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ITSP: The Next Step for Those Embracing VoIP
VoIP has become huge in the business world, and it’s no surprise that more and more companies are embracing it. When you have the opportunity for better calls at a cheaper cost, the bottom line helps make the decision easier.
For companies getting aboard, there is also a new opportunity for those who are tech savvy (and business savvy) enough to see the light. That opportunity is as an Internet Telephony (News - Alert) Service Provider, or “ITSP” for short. Technology Writer Ben Stegner recently laid out the particulars in a blog post, and he makes a strong case for taking the leap.
“For businesses, VoIP is quickly replacing traditional phone service as the norm. The industry has been doing great as a whole,” Stegner wrote. “Worldwide, the telecommunications sector revenue grew a huge eight percent from 2012 to 2013, a total of $68 billion. In addition, global VoIP subscribers in the residential sector totaled 212 million in 2013, an increase also of eight percent from 2012.”
With numbers like that, it makes sense to seriously consider a move. So Stegner lists some important steps to take:
“The essential component of becoming VoIP service provider [A VoIP Platform] has all the core functions that you'll require, including voicemail and call forwarding,” Stegner said. “There are tons of choices, and all offer different features and appeal to different-sized businesses, so be sure to select one that matches your needs. If you haven't figured out what your target audience is, now would be a good time to do so. Just a few of your options include open-source and free programs Elastix (News - Alert) and FreeSwitch, or a premium solution like Broadsoft.”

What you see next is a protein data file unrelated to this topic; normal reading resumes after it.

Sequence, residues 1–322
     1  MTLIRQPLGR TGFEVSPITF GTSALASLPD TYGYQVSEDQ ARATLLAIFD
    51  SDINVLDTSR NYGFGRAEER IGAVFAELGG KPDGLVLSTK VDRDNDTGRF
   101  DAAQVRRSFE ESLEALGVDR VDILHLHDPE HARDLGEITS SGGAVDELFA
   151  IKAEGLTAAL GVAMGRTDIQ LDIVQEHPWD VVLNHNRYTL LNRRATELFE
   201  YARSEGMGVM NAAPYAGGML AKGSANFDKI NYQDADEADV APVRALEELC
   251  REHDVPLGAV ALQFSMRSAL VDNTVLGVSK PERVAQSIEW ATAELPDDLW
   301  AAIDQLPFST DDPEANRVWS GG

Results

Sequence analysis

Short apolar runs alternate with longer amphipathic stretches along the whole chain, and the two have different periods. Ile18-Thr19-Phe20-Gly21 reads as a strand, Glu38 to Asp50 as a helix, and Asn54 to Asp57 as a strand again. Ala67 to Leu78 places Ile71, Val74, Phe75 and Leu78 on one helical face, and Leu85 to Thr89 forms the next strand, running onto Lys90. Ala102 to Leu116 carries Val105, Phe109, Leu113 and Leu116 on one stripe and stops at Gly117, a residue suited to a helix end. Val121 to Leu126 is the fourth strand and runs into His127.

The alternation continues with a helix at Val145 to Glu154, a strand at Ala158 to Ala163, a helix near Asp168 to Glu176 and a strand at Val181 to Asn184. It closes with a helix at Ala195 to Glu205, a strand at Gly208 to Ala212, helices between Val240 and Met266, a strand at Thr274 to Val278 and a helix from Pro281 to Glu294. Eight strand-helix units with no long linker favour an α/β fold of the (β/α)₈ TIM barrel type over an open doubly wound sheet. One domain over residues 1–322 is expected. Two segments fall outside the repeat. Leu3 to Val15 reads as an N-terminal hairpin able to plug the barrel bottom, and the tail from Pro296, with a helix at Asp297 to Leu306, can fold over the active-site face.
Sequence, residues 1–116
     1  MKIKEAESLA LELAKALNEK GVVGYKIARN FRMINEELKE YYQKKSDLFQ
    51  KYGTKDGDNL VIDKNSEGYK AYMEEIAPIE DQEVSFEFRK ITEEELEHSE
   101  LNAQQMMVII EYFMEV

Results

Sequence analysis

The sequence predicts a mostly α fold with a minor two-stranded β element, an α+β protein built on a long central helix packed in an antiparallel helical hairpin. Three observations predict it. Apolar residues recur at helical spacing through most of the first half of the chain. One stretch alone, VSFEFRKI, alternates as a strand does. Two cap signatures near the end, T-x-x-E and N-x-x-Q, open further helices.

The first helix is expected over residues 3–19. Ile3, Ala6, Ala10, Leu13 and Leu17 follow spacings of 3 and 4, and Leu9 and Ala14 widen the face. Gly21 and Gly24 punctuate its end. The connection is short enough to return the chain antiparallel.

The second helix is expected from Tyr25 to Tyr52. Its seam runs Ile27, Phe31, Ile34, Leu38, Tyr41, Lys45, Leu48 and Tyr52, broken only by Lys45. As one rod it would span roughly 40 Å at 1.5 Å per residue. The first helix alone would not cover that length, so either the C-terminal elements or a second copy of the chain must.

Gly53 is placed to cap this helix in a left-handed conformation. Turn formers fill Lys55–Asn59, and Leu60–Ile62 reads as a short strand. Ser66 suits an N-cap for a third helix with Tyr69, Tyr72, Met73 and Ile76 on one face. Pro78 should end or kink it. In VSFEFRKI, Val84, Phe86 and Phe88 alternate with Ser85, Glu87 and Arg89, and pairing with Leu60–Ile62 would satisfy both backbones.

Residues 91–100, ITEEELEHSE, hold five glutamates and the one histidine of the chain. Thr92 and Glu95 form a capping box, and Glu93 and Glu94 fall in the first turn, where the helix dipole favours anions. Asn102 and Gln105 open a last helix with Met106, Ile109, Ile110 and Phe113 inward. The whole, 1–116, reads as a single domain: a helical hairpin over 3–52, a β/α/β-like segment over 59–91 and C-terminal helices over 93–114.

Component 2: VoIP Carrier: “Now that you have software to run your switch, you need the service to send through it,” Stegner notes. “You'll need both origination (inbound) and termination (outbound).”
Be sure to check VoIP Innovations (News - Alert) recent blog post on pitfalls to avoid when purchasing VoIP service, so you can ensure adequate coverage and avoid poor customer support. “You'll have to provide E911 service, but other options like 411 or caller ID are up to you,” he adds.
Component 3: End User Software/Equipment: You have plenty of options in this aspect, Stegner says. “Perhaps you want to provide devices for your clients, or maybe they already have their own. If you don't want to use physical hardware, there are also soft phones available that let you make your calls right from a computer. Smartphone apps are yet another option in the inter-connected world.”
Stegner’s list is a great starting point for companies considering the move. For those wanting more there is also a free Whitepaper available. Either way, that journey of 1,000 miles has to begin with the first step.
Edited by Stefania Viscusi